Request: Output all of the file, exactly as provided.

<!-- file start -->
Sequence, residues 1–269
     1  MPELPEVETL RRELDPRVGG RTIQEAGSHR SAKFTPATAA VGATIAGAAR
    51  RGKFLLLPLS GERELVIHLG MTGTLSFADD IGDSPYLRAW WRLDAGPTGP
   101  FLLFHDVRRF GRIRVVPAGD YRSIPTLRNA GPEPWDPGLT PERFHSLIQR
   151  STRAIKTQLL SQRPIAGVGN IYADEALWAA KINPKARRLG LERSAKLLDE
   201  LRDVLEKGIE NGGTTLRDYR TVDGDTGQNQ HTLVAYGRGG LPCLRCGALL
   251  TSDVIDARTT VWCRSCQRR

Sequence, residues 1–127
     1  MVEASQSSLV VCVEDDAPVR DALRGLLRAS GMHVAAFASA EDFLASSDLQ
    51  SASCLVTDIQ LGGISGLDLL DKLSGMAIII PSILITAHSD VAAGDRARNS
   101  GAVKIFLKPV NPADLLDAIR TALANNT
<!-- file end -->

Sequence, residues 1–269
     1  MPELPEVETL RRELDPRVGG RTIQEAGSHR SAKFTPATAA VGATIAGAAR
    51  RGKFLLLPLS GERELVIHLG MTGTLSFADD IGDSPYLRAW WRLDAGPTGP
   101  FLLFHDVRRF GRIRVVPAGD YRSIPTLRNA GPEPWDPGLT PERFHSLIQR
   151  STRAIKTQLL SQRPIAGVGN IYADEALWAA KINPKARRLG LERSAKLLDE
   201  LRDVLEKGIE NGGTTLRDYR TVDGDTGQNQ HTLVAYGRGG LPCLRCGALL
   251  TSDVIDARTT VWCRSCQRR

Sequence, residues 1–127
     1  MVEASQSSLV VCVEDDAPVR DALRGLLRAS GMHVAAFASA EDFLASSDLQ
    51  SASCLVTDIQ LGGISGLDLL DKLSGMAIII PSILITAHSD VAAGDRARNS
   101  GAVKIFLKPV NPADLLDAIR TALANNT